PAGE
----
Teen safety technology may lead to lower premiums

Tamara E. Holmes

Parents take heed: Teenage drivers ages 16 to 19 are four times more likely to be involved in a crash than older drivers, leading many car insurers to charge higher premiums when teens get behind the wheel. Automaker Ford hopes to help change that with a technology that could promote better teen driving habits -- and possibly lower car insurance rates.

Ford’s MyKeytechnology lets parents limit the speed and audio volume of a car, and makes sure teens buckle up whenever they get behind the wheel. It works through the use of programmable keys. The parent has a full-privilege administrator key, while the teen’s key communicates a unique set of instructions to the car whenever it is inserted into the ignition. For example, chimes can be set to remind a teen driver to slow down whenever he or she gets above a certain speed. Likewise, MyKey can be programmed to restrict driving faster than 80 mph and mute the vehicle’s audio system until the seat belts are fastened.

Ford's MyKey technology lets parents control the maximum speed that a teen driver can travel in a car.

“We put Mom and Dad virtually in the passenger seat,” says Andy Sarkisian, safety planning and strategy manager at Ford. “Mom and Dad might say, ‘Buckle up, watch your speed and turn down that radio.’ That’s what MyKey does.”

First introduced as a standard feature on the 2010 Ford Focus, MyKey now is standard on most Ford and Lincoln models. While the cars may come equipped with the technology, it’s the vehicle owner’s choice whether he or she wants to use it, Sarkisian says. It’s not about taking control, he says, but rather about helping teens become better drivers.

Developing safe habits

Research has shown that driving too fast and failing to buckle up are two areas of concern when it comes to teen driving, says Sue Duchak, who manages the Allstate Foundation’s teen driving program. While speeding is risky when anyone does it, it can be even more dangerous when it’s done by teens, who are less experienced drivers than older adults, Duchak says.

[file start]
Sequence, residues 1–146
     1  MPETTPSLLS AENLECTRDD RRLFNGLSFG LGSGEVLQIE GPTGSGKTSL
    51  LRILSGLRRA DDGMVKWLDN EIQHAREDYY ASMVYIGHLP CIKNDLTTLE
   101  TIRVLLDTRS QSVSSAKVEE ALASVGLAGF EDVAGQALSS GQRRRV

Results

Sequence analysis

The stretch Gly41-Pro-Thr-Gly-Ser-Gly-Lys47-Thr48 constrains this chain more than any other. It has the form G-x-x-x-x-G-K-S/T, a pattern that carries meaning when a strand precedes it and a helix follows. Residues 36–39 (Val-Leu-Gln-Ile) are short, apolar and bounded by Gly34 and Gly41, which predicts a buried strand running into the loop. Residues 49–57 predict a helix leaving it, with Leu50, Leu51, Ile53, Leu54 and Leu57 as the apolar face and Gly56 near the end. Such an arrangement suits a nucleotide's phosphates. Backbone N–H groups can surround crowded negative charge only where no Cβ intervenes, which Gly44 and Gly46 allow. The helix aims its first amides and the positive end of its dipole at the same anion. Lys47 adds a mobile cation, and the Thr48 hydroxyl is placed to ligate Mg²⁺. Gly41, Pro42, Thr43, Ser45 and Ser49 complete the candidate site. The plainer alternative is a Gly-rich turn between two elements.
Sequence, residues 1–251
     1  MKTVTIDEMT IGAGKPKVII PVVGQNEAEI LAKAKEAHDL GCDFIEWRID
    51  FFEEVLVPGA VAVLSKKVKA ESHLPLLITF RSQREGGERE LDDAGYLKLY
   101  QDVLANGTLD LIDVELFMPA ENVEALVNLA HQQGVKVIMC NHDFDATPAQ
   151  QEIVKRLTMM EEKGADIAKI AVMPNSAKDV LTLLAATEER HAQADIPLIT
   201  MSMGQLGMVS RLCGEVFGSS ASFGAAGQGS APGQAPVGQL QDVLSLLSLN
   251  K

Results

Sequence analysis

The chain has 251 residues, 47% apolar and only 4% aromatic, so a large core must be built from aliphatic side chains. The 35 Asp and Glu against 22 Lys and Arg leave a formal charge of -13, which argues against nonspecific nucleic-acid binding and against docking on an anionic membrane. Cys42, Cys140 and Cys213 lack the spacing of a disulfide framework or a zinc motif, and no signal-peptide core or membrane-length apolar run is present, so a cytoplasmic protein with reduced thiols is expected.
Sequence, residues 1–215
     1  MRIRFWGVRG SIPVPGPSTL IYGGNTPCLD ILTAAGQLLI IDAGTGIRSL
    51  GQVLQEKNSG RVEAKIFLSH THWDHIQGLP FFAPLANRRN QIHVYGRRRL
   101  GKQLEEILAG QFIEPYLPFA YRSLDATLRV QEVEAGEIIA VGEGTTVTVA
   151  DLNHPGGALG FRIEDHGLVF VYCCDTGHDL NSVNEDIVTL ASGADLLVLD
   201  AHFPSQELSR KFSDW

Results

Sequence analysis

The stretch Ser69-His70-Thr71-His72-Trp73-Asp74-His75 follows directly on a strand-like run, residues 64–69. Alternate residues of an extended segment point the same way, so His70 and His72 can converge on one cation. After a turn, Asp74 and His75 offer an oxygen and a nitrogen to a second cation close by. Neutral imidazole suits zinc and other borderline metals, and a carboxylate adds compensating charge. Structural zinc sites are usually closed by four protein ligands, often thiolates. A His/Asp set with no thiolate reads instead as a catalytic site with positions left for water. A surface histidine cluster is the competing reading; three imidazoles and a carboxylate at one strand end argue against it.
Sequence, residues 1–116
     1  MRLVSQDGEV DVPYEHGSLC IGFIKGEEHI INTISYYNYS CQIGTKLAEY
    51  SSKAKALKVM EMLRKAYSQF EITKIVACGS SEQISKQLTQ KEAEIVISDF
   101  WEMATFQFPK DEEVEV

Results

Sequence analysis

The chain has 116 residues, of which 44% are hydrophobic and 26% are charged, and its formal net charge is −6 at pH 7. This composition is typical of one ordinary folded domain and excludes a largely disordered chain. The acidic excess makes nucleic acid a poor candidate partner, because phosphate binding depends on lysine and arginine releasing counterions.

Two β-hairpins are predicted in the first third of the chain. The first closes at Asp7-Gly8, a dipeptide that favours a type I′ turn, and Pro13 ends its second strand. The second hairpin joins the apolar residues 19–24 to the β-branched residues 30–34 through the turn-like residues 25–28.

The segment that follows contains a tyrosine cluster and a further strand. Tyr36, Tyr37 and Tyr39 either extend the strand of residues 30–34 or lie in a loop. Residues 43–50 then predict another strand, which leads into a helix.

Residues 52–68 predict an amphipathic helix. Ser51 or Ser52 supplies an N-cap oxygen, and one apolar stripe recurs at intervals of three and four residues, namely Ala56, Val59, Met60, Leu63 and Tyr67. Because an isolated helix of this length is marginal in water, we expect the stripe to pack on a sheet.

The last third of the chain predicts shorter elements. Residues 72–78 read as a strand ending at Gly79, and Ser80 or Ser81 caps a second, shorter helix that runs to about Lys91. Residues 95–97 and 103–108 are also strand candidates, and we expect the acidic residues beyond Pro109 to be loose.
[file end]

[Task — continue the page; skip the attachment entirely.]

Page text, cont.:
Since it was established in 2005, the Allstate Foundation’s teen driving program has sought to understand teens’ attitudes about driving and convince them to adopt safe driving habits. “It is all about helping teens view safe driving as being smart,” Duchak says.

In addition to creating programs that let teens talk to each other about the virtues of safe driving, the Allstate Foundation encourages parents to have conversations about driving with their teens, especially as a teen becomes more and more comfortable on the road. Parents should stress the importance of wearing a seat belt, as well as why it's critical to obey the speed limit and other traffic laws. Parents also should observe and look for "teachable moments," recognizing that good driving skills require buy-in from the teen and evolve over time, Duchak says.

Such a long-term view is echoed by Ford, as the automaker hopes parents will use MyKey to gradually give their children more control over the driving experience. Ford also recognizes that teens must be open to learning better driving habits and points to feedback the company has received from teens who welcome MyKey because it makes their parents more likely to give them access to the family car.  Many parents use MyKey as a launching pad for discussions about driving, Sarkisian says.

The car insurance factor

While parents who use Ford’s MyKey system may rest easier, can the technology also save them money?

If history is a guide, there’s definitely a possibility. Car insurers typically reward drivers of vehicles that have safety features that decrease the risk of accidents. For example, GEICO offers up to a 25 percent discount for driver-side air bags and a 5 percent discount for an anti-lock braking system.

Car insurers also take into account a vehicle model’s crash history when determining insurance premiums. In fact, the Insurance Institute for Highway Safety tracks insurance losses by make and model, which gives an insurer an idea of how safe a vehicle actually is.

Ford is sharing information with car insurers about which models have the MyKey system installed so they can monitor crash statistics for those cars, Sarkisian says. If, in time, those cars prove to have lower crash rates, it could result in car insurance savings down the road.

While it remains to be seen whether MyKey will lead to a price break on car insurance, the technology does prompt ongoing conversations between teen drivers and their parents.

“A lot of parents stop talking when the teen gets the unrestricted license,” the Allstate Foundation’s Duchak says. “You need to keep talking."

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